TO JOSEPH SEVERN1
Florence. 23 October 1827.
My dear Severn,
According to a reasonable calculation, you will have returned, just about this time, from Naples;2 so I scrawl off a letter to meet and congratulate you on the admirable studies you have made, for the "Fountain" picture,3 at Mola di Gaeta, and Lord knows where. Among the studies I scarcely know which please me the most, seeing them all, as I do, in my mind's eye; you have really surpassed yourself in them, outdoing all your late outdoings. I shall report you accordingly.
But there is another reason for this said scrawl. I suppose you will find, on your return, the copy for Dilke quite finished,4 and you will be preparing to despatch it to him. Let me know, as soon as you can, how much you have paid, — how much for the copy itself, and how much for packing, &c. Then, as Dilke and I have an open account together, I shall be enabled to enter this picture-item, and settle it all together.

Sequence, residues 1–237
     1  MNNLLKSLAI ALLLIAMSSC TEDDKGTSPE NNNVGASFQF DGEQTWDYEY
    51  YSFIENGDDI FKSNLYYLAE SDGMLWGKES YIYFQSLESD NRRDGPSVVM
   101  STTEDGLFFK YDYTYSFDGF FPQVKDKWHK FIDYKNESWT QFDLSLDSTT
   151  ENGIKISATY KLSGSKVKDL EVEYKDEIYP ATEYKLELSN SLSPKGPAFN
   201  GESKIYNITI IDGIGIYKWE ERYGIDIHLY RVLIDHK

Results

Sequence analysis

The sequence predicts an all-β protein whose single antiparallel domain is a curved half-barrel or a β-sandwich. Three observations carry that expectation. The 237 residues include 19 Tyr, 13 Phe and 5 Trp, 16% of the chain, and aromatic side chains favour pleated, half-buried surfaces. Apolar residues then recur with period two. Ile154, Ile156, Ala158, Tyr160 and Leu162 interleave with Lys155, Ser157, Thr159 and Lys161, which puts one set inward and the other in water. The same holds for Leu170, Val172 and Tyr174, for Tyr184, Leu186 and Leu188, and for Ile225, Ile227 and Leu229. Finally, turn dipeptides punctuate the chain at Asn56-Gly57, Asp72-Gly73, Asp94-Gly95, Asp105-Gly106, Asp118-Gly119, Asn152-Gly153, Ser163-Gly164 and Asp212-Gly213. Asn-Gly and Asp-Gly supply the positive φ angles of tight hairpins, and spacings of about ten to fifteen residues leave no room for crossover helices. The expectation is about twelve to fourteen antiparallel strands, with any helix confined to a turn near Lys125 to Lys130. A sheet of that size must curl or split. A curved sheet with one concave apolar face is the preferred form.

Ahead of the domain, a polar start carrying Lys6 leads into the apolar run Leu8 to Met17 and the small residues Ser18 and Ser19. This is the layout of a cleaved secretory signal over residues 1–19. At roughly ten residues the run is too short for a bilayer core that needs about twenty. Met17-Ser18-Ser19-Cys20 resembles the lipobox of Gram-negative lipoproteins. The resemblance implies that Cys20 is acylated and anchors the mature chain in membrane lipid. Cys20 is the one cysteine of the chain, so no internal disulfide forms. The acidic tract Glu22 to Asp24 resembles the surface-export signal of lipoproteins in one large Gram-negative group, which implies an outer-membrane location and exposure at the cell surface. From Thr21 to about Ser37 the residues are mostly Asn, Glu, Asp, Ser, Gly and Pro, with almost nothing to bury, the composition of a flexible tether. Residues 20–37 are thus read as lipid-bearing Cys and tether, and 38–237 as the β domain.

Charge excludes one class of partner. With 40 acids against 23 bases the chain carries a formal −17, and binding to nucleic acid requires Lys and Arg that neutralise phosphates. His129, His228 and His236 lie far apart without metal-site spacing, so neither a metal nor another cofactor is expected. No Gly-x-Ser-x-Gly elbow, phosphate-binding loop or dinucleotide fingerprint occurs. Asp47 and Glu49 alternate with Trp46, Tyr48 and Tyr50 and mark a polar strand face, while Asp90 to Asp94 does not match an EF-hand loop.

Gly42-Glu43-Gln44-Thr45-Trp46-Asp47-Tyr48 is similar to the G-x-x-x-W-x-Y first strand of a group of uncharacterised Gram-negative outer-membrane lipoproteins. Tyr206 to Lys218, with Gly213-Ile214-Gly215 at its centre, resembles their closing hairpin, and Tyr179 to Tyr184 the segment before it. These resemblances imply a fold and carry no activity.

As bad news travels quickly, I suppose you will have heard of Louisa's death.5 Since you never saw Mr Hayter, I suppose you never saw her; — so much the better. I once had an indistinct view of her in the street at night, — that was nothing; but only six days before her death, I met her at Ri's6 house, — which I am sorry for now. She died just seven days ago. She took arsenic. Though she was known, owing to her peculiar situation, to few persons, the shock seems to have reached every body. This may be partly ascribed to the necessary publicity given to it, by the examinations of the Police, the attendance of the "Misericordia" company to remove her body to the hospital, and there, the opening of the body amidst a crowd of surgeons. There never was so general and decided an opinion expressed against an individual, as that of the Florentines against Mr Hayter. The affair is talked of violently among them. It remains to see how the English will act towards him.7 The women, I prophesied from the first, young and old, married and single, will make common cause against him. A man, whose mistress has poisoned herself, will find it difficult to uphold himself in society, (at least in the scene where it occurred, and in so small a place as Florence,) unless he can find four or five friends, of respectability, who will come forward and vouch for his being not to blame. Unless Mr Hayter has good grounds for believing that he can uphold himself here, he had better not make the attempt, as that would only make matters worse; he ought rather to change the scene immediately. Another circumstance, very unfortunate for him at this moment, is that, yesterday morning, his black servant-boy ran away to the Police, showing his horsewhipped back, and offering to turn Catholic if they would protect him. It is true this particular horsewhipping was given by Mr Hamilton, the friend and joint housekeeper with Mr Hayter; yet the boy, as I know he can with truth, complains of the blows he has been accustomed to receive from Mr Hayter, his master. This is altogether a bad business. I am told that not one individual among the English has sent to inquire how Mr Hayter is. It is four months since I was in his house, when I resolved never to go again, and I am sure I shall not go now. Louisa had lived with him eleven years; she has left two children. Eastlake knew her well in Rome. Gibson dined with her here (at Mr H's) and spoke highly in her praise, — so did every one.